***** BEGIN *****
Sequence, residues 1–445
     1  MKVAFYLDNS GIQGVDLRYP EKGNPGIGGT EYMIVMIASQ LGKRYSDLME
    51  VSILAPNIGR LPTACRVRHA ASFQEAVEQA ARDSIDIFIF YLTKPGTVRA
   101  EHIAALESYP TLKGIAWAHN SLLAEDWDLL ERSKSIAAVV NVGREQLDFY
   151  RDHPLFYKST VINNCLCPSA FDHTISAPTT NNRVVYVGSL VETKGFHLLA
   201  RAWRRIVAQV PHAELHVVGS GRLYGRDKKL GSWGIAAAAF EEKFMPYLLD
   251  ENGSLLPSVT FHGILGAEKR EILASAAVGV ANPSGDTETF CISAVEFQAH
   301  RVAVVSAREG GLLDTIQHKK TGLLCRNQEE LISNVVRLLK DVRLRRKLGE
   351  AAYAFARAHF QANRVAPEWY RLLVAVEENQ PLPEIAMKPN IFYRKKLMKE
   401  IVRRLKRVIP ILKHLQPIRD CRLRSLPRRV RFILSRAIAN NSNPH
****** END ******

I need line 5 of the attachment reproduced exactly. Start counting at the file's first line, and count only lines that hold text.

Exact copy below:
   151  RDHPLFYKST VINNCLCPSA FDHTISAPTT NNRVVYVGSL VETKGFHLLA